Dec corn is in danger on the charts this morning but soybeans continue to hold up the grain complex; Chinese bean demand is still running strong despite S.A. perennially gaining a larger export share, while the USDA keeps pumping up crush estimates—Sept crush is on tap Thursday.
Japan is looking for 117k tonnes of milling wheat in their regular tender this week, including 64k from the U.S., 31k form Canada, and 22k from AUS.
South Korea is seeking 207k tonnes of optional-origin corn for March-April.
Jordan is trying for a third time to sell a 50k-tonne cargo of Polish wheat that it had itself rejected for quality; previous tenders failed on Oct 4 and Oct 11.
Chinese customs data showed September soybean imports at 7.26 million tonnes, down slightly from 7.78 MMT in August, but still up 44% from 5.03 MMT last September. Cumulative Jan-Sept imports stand at 59.65 MMT, up over 13% from last year's nine-month pace; Oct-Sep imports wound up at a record high 78.3 MMT, up 11% from last season's 70.36 MMT tally. O-N-D soy imports are expected to average around 6 MMT, according to traders.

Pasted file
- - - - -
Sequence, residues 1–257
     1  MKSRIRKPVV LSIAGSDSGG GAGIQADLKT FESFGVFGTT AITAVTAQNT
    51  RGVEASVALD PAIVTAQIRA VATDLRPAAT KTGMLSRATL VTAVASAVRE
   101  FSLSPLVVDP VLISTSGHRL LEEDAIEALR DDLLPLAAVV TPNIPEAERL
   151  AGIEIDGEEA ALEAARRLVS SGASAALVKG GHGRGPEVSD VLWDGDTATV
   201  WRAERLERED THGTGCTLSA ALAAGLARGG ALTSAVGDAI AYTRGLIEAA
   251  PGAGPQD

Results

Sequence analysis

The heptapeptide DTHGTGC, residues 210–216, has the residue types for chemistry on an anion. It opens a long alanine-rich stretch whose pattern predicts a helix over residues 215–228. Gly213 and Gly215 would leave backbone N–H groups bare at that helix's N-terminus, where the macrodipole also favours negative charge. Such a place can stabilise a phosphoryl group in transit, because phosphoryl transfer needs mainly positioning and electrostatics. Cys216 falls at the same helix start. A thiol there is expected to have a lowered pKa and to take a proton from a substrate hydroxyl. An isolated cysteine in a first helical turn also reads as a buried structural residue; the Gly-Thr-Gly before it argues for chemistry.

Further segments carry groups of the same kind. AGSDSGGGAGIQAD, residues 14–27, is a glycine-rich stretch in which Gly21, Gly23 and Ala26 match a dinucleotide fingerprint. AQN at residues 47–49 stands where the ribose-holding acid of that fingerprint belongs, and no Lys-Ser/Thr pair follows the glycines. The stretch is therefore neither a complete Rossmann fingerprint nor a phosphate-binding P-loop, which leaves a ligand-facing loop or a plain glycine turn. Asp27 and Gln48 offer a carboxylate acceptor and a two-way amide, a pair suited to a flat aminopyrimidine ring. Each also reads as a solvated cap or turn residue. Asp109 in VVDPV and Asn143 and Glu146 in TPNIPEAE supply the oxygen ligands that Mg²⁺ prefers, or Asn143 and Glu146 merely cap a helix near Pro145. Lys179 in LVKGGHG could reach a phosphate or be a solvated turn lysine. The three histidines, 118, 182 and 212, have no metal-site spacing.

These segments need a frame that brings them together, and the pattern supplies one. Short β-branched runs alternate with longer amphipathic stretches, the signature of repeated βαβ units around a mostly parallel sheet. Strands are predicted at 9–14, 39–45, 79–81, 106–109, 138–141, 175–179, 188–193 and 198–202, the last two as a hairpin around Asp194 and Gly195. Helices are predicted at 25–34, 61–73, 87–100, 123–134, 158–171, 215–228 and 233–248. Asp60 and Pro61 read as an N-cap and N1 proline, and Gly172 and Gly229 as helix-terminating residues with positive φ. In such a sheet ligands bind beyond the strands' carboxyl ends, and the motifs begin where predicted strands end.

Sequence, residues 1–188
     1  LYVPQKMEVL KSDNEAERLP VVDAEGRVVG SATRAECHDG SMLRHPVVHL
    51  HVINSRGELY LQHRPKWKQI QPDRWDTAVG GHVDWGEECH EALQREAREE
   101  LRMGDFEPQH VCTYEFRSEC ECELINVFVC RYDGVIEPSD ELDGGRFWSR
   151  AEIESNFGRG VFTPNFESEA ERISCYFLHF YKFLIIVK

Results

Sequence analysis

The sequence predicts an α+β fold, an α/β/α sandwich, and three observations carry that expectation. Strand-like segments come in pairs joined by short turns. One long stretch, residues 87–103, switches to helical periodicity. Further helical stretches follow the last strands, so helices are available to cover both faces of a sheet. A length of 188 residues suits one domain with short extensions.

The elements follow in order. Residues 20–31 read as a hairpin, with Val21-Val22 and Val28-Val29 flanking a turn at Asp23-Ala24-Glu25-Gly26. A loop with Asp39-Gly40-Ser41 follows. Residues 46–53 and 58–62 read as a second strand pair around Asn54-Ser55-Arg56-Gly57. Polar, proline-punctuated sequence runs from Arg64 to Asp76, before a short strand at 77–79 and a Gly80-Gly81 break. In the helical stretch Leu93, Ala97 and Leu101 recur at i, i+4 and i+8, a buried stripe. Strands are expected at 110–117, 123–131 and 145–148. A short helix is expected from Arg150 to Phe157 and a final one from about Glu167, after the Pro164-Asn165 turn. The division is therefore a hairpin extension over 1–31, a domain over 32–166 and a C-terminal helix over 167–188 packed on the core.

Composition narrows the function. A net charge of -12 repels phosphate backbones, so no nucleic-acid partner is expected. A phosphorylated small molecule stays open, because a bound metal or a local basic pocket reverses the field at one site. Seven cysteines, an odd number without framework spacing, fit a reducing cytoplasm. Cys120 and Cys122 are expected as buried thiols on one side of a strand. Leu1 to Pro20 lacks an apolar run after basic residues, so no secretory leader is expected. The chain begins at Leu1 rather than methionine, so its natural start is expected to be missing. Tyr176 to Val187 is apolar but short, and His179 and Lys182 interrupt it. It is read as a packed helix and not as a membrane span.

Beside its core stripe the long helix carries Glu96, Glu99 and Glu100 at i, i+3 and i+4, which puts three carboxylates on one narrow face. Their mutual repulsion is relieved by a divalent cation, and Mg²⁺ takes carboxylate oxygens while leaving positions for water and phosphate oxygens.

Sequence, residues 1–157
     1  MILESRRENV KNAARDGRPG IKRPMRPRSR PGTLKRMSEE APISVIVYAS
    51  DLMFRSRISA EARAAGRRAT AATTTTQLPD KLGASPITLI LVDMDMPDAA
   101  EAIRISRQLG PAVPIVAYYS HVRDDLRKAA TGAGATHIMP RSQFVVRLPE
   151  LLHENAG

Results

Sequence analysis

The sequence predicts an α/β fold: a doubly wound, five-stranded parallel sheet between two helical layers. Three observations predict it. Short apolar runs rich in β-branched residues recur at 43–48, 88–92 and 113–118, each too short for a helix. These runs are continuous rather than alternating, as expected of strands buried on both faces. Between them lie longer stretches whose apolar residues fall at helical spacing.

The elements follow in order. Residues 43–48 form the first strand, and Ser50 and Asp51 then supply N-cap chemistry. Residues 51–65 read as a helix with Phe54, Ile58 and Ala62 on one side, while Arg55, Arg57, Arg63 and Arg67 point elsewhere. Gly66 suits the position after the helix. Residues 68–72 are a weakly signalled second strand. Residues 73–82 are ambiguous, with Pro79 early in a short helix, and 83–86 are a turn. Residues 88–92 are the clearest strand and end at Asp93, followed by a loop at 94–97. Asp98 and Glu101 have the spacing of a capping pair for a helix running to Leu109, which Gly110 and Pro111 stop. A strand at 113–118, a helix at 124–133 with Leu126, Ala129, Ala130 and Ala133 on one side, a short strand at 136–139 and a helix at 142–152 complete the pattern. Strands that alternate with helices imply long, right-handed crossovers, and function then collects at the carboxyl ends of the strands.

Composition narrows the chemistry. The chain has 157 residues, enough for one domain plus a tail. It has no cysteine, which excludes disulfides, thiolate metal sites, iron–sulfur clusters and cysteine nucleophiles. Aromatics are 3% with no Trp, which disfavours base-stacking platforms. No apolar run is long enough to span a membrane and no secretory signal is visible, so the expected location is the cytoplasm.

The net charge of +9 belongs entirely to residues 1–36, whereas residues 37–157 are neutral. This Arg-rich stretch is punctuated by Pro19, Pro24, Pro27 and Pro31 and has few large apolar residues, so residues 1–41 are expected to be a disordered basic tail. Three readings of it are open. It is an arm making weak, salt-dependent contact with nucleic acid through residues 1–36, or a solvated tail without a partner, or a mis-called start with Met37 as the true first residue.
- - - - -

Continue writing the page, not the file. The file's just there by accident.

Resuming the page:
Morocco yesterday announced a cut in their soft wheat import duty, from 75% to 50%, starting November 1, in order to ensure adequate supply; the move comes after a record grain harvest of 11 MMT in 2015, including 5.2 MMT of soft wheat. The USDA interestingly has 2015/16 Moroccan wheat output at 8.0 MMT, with imports down nearly one-third to 2.8 MMT.
Today's chart shows wheat exports from the main global suppliers since 2000, along with current USDA estimates for the 2015/16 marketing year. Black Sea (Russia, Ukraine, Kazakhstan, and Turkey) wheat exports are seen rising rapidly for the third straight year this season to a record 42.5 MMT, nearly doubling in the last three years and nearly four times the figure from just five years ago. U.S. exports are seen at their lowest number since 1971/1972!
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